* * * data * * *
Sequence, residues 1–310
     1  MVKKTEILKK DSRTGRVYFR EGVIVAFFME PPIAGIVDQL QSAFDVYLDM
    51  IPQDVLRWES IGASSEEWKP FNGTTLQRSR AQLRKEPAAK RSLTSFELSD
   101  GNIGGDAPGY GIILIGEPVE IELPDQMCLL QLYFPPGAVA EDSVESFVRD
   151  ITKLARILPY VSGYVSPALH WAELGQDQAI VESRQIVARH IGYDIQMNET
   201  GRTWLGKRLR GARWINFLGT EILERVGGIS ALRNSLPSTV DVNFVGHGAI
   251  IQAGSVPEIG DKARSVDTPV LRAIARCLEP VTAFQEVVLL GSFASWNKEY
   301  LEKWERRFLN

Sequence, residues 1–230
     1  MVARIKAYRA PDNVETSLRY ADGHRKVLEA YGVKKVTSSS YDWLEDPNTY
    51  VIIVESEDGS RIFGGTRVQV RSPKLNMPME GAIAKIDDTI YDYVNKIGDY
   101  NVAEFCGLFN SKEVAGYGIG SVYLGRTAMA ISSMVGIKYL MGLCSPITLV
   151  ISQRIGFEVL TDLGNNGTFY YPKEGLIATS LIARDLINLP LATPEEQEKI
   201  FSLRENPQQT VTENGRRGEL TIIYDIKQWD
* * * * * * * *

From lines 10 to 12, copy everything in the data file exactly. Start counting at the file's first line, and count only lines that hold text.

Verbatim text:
     1  MVARIKAYRA PDNVETSLRY ADGHRKVLEA YGVKKVTSSS YDWLEDPNTY
    51  VIIVESEDGS RIFGGTRVQV RSPKLNMPME GAIAKIDDTI YDYVNKIGDY
   101  NVAEFCGLFN SKEVAGYGIG SVYLGRTAMA ISSMVGIKYL MGLCSPITLV